Objective Platinum-based chemotherapy is the standard treatment in advanced ovarian cancer, but most patients will relapse with drug-resistant disease. MicroRNAs have been demonstrated to function in chemoresistance in cancers. In this study, we focused on the role of miR-128 in cisplatin-resistant ovarian cancer.
Materials and Methods The expression of miR-128 RNA and its targeted genes, the polycomb ring finger oncogene Bmi-1 and ATP-binding cassette subfamily C member 5 (ABCC5), were investigated in the epithelial ovarian cancer cells and ovarian carcinomas.
Results miR-128 expression was significantly reduced in the cisplatin-resistant human epithelial ovarian cancer cell line SKOV3/CP compared with parental SKOV3 cells and decreased upon treatment with cisplatin in a concentration-dependent manner in SKOV3, OVCAR3, and PEO14 cells. Overexpression of miR-128 resensitized SKOV3/CP cells to cisplatin and reduced the expression of cisplatin-resistant–related proteins ABCC5 and Bmi-1, whereas miR-128 inhibitors increased cisplatin resistance in SKOV3 cells. Cisplatin combined with miR-128 agomirs inhibited the growth of SKOV3/CP xenograft tumors more effectively than cisplatin alone. Diminished expression of ABCC5 and Bmi-1 and higher cisplatin concentrations were observed in tumor tissue of mice treated with miR-128 agomirs in addition to cisplatin.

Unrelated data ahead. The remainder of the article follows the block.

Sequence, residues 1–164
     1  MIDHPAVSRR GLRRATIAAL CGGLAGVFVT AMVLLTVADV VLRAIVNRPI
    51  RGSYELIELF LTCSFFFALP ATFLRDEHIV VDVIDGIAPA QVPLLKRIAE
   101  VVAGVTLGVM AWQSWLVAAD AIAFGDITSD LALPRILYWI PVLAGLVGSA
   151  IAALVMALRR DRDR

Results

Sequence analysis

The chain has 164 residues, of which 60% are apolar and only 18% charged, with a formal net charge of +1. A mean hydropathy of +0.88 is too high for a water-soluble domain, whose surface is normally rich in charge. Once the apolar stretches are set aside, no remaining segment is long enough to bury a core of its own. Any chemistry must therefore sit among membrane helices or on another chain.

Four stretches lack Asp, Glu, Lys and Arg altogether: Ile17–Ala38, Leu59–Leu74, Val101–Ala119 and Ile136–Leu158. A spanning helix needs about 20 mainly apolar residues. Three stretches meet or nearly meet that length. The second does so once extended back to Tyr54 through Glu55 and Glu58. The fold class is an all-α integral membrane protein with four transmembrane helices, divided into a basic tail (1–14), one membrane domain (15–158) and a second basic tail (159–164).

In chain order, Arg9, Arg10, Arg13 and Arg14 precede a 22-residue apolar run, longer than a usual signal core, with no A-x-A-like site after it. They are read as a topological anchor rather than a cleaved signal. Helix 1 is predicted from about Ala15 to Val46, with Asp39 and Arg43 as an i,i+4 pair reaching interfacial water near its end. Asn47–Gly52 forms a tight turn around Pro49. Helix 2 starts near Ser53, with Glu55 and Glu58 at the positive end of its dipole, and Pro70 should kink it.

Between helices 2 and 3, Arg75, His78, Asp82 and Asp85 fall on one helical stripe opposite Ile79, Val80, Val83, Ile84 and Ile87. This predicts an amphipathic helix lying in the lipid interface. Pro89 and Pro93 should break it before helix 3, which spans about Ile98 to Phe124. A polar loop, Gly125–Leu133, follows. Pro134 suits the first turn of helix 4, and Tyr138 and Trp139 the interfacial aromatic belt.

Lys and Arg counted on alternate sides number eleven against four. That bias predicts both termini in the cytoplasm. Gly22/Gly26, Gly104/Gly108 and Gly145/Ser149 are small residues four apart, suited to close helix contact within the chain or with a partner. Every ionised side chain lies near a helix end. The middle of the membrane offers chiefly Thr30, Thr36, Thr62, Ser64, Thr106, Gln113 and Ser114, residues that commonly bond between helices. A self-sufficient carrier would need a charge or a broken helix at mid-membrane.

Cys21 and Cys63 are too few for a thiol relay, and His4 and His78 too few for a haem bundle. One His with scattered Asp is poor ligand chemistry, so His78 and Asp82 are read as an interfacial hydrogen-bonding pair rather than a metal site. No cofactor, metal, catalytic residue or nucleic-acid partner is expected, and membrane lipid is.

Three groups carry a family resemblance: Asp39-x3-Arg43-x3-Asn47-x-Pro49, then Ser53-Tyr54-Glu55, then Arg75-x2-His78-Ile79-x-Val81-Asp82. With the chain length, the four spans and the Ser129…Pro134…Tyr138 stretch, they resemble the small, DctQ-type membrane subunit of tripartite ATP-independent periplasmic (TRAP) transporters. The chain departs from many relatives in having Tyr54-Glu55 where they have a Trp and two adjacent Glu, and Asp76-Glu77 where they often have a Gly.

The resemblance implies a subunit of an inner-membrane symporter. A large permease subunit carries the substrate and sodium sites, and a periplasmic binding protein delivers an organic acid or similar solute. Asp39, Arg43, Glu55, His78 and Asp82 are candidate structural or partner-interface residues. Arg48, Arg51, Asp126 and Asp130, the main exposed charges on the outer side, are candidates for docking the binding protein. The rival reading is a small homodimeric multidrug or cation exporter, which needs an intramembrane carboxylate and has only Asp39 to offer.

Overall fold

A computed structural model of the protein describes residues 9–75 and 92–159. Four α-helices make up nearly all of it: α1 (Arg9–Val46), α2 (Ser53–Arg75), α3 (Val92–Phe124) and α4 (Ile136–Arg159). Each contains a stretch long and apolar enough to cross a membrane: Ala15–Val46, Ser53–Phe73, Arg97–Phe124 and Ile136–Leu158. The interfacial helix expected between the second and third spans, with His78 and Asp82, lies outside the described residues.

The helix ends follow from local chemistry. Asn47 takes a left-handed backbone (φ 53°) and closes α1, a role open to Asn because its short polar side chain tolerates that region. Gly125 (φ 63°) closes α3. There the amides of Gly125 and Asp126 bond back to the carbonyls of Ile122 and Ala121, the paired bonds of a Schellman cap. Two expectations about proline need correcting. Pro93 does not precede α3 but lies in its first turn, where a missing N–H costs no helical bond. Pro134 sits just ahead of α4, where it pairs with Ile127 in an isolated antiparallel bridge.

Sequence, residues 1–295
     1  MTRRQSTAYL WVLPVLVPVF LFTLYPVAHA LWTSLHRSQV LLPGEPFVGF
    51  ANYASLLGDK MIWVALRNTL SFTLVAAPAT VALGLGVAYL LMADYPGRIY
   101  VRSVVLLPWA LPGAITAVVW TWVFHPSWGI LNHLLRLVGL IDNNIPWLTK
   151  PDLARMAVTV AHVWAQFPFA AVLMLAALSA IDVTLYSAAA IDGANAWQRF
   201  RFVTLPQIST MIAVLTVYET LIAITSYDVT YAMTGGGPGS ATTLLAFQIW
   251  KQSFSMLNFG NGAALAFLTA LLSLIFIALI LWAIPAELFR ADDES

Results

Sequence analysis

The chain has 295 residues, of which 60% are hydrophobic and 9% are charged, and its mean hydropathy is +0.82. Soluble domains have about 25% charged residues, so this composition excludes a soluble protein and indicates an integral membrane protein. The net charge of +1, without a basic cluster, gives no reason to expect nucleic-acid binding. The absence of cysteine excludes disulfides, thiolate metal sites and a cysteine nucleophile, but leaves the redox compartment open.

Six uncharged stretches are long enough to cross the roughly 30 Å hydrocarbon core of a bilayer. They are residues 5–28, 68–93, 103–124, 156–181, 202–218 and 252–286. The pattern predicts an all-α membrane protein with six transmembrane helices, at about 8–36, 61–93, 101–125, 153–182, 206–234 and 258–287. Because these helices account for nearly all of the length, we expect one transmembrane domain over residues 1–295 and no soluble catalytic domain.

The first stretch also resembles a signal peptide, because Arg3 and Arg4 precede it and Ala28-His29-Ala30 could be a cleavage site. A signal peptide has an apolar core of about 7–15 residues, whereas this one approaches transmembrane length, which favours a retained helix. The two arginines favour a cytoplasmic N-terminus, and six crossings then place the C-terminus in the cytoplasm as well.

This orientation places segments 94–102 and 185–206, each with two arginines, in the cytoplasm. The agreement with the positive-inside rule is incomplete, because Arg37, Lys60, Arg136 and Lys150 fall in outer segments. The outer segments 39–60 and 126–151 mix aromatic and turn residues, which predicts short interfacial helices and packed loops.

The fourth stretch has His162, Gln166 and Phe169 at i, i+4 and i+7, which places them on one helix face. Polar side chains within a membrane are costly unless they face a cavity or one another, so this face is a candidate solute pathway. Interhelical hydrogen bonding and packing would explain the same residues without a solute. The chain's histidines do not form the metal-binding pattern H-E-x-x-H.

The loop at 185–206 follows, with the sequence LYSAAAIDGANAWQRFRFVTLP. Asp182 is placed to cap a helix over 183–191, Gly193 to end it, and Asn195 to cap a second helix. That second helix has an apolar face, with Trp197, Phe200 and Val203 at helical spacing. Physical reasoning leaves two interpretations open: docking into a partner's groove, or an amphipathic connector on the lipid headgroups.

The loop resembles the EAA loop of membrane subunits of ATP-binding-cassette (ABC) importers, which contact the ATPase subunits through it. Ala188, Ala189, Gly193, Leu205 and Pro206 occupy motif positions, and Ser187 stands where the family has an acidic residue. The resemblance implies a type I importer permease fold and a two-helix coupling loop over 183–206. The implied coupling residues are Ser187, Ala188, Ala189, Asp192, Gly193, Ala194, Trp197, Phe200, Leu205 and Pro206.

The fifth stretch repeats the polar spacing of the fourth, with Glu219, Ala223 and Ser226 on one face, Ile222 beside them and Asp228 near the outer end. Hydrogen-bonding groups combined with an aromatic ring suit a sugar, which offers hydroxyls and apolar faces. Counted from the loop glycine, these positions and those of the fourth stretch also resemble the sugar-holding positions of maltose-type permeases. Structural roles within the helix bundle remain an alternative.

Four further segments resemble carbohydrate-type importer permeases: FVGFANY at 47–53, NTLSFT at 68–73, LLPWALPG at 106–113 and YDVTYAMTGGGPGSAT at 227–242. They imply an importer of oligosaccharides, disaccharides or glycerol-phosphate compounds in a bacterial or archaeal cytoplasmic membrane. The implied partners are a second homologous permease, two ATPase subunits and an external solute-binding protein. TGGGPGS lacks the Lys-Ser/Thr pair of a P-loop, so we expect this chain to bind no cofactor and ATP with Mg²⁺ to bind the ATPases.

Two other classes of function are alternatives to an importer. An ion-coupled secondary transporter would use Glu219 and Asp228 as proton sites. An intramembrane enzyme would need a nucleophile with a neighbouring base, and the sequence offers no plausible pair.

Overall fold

Conclusions Taken together, our findings suggest that miR-128 may act as a promising therapeutic target for improvement of tumor sensitivity to cisplatin.
- Epithelial ovarian cancer
Statistics from Altmetric.com
If you wish to reuse any or all of this article please use the link below which will take you to the Copyright Clearance Center’s RightsLink service. You will be able to get a quick price and instant permission to reuse the content in many different ways.
Drs. Bing Li and Hong Chen contributed equally to this study.
The authors declare no conflicts of interest.